Weight loss surgery revision

Gastric bypass surgery is successful for the majority of patients, but gastric bypass revision surgery may be necessary for patients who experience significant weight regain after hitting their low weight.

Why Revision?

The most common reason patients consider gastric bypass revision is weight-related, either not enough was lost following surgery or too much was gained back.

Research shows that up to 20% of patients who were morbidly obese prior to their initial surgery and up to 35% of patients who were super obese have gained back more than 50% of their excess weight after 10 years. Sometimes this is the result of internal issues that require surgical revision while other times inappropriate diet or exercise is the culprit.

Gastric bypass revision surgery can carry risks just like your initial surgery, so it is important that you follow your surgeon’s orders exactly to avoid a second surgery if possible. To this end, your surgeon will want to rule out diet or exercise problems before moving forward with another procedure and will likely take the following two steps:

  1. Rule out diet as the cause of insufficient weight loss or weight regain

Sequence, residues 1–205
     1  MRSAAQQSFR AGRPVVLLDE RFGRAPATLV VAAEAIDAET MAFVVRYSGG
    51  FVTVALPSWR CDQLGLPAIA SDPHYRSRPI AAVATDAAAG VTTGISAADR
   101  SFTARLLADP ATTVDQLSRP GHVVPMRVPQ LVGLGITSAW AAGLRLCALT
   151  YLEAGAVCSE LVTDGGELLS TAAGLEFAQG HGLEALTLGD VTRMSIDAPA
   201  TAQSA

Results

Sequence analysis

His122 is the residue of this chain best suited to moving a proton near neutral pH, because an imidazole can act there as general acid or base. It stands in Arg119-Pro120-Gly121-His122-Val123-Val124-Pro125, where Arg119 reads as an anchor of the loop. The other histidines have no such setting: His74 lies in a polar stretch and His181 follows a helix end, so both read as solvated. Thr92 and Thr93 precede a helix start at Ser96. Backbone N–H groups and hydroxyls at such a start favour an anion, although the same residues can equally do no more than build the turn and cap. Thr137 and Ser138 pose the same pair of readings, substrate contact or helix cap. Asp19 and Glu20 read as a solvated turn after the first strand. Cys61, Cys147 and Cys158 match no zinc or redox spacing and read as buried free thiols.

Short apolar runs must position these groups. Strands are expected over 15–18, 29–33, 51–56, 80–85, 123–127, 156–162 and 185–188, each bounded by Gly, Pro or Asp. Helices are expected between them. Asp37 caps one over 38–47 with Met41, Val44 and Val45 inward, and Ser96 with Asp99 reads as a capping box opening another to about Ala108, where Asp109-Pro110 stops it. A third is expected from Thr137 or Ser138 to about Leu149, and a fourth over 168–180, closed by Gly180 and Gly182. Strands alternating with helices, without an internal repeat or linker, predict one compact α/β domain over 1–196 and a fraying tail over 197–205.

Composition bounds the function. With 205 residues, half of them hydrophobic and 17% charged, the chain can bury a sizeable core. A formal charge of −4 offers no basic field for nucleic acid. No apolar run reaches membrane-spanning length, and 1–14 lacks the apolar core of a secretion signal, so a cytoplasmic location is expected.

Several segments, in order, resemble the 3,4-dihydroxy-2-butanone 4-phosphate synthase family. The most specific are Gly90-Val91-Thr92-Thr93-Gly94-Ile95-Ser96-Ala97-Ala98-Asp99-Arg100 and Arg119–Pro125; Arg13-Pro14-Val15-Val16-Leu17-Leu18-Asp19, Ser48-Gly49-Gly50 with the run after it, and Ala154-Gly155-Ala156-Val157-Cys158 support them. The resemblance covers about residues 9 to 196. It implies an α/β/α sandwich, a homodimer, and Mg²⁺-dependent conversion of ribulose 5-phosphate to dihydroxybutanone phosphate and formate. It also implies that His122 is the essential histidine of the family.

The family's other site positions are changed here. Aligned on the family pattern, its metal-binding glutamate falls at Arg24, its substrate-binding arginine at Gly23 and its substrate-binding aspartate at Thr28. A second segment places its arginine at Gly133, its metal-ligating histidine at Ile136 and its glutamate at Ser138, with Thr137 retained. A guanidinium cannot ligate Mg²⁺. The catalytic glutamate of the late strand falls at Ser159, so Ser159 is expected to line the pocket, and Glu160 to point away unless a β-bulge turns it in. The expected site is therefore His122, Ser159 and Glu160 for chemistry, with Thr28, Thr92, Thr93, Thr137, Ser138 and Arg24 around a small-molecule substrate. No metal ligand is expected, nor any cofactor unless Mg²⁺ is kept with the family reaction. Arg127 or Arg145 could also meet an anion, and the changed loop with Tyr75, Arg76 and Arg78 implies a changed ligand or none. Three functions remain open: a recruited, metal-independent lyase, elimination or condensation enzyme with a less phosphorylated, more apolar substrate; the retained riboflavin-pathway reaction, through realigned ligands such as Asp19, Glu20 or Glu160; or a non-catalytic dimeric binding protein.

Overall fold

Whether you very carefully track what you eat using a handwritten daily journal or check with a psychologist to determine whether any emotional issues could be causing your diet or exercise goals to go off-track.
  2. Rule out exercise as the cause
    Using a special device called an indirect Calorimeter to test basal metabolic rate (BMR), which is the amount of energy your body burns when you are resting. Extremely low BMR could have issues with weight loss even if pouch size and dietary habits are where they should be. Your base metabolic rate can be increased if you add more lean body mass (muscle), so if low BMR is a problem your surgeon will most likely have you work with a personal trainer to properly adjust your exercise after gastric bypass surgery.

After diet and exercise problems are ruled out, your surgeon will want to check your stomach pouch size and the opening between your stomach and your small intestines (also called your “stoma”). If either is too large (or has stretched), it may be the cause of your post-surgery weight loss problems.

If stomach stretching or stoma enlargement is identified, a revision surgery may be your only option to halt or reverse the weight regain.

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